|Five new associates have joined the Religious Hospitallers of St. Joseph, which operates Langlade Memorial Hospital.|
Diane Welnetz, Joanna Bretl, Sandy Bonfigt, Erica Gelhausen and Rose Marciniak were welcomed by 24 other associates at a program with a theme of “To Love and Serve.
According to Sister Dolores Demulling of the Religious Hospitallers, the goal of the associate program is to spread the message of Jerome LeRoyer, dating to his founding of the order in 1636.
“We want to serve people with our value system, which includes respect for all people and a freedom to love, serve and come together,” Sister Demulling said. “This is a way to give something to our world that is very special.”
A tax collector and father of five, LeRoyer collaborated with Sister Marie de la Ferre and laywoman Jeanne Mance, the foundress of Montreal, to establish the order, with a mission, unchanged to this day, of announcing the “good news of Jesus Christ by serving the sick, the poor and by education.”
The founders understood that for the order to succeed, it had to have the strong support and assistance of the laity. To that end, they established the Confraternity of the Holy Family, bringing together men and women wishing to live their Christian life intensively.
While the specifics of that formal confraternity were lost to history, the organization reemerged in 1984 when the congregation proposed the foundational elements of the associate program to Christian persons who wished to live the spirit of the order.
Vicky Marx, who has been an associate since the program was started in Antigo in 1995 and now served in a leadership capacity, said the group is like a family.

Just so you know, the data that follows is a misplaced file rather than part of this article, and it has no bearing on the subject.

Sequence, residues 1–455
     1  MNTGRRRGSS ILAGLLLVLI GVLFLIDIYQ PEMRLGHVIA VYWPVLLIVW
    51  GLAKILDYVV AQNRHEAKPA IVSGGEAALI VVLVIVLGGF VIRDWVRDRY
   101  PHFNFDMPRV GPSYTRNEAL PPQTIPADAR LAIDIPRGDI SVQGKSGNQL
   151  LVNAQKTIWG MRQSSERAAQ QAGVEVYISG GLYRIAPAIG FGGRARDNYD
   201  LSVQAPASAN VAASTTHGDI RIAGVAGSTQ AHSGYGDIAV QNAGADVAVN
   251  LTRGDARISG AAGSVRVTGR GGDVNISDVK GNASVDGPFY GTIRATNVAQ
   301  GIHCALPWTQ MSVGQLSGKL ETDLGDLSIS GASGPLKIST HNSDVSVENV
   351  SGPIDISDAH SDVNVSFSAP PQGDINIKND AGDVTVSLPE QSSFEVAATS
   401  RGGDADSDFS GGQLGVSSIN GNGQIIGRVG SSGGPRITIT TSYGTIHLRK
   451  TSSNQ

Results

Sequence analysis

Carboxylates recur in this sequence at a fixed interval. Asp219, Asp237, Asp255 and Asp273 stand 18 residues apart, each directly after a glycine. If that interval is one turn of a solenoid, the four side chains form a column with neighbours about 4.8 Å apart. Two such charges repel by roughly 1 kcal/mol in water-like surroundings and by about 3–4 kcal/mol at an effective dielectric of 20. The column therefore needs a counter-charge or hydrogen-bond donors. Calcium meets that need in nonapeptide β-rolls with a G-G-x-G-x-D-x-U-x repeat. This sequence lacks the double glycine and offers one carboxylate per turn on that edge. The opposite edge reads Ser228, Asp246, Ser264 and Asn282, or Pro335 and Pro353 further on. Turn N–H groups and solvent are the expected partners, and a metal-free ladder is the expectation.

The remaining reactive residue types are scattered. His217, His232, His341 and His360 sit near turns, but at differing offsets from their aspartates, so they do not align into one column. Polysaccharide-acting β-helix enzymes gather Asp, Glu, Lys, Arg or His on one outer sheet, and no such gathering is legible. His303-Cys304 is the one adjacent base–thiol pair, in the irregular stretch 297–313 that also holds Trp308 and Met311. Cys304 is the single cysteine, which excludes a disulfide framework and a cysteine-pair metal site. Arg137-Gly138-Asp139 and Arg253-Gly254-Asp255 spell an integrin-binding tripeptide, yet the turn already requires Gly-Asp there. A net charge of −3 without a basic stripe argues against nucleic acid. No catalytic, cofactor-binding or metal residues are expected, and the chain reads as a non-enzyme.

“This is a nourishment and enrichment of our spiritual life,” she said, explaining that while many associates serve as volunteers for the order and the hospital, the two are not one and the same.
“The objective is to allow the associates to have their own lay identity while totally sharing the spirituality of the founders of the Religious Hospitallers of St. Joseph.” she stressed.
The associate program is open to men and women, most of whom have had their lives touched by the Religious Hospitallers and the local sisters. The process begins informally, with interested candidates first interviewed, and then participating the meetings to delve deeply into the history and mission of the order and their own spiritual lives.
If they choose and take the next step, they formally join the associates through a commitment program.
Today, the Religious Hospitallers has 19 groups consisting of 254 committed associates and 34 in formation. The association extends from New Brunswick, Quebec, France, Ontario, and Peru to the United States, Mexico and Dominican Republic.
Associate Sandy Bonfigt signs her commitment paper in the Langlade Hospital chapel, watched by Associate Leader Jerome Marx. Next to her are new associates Erica Gelhausen, Rose Marciniak, Diane Welnetz, obscured, and JoAnn Bretl.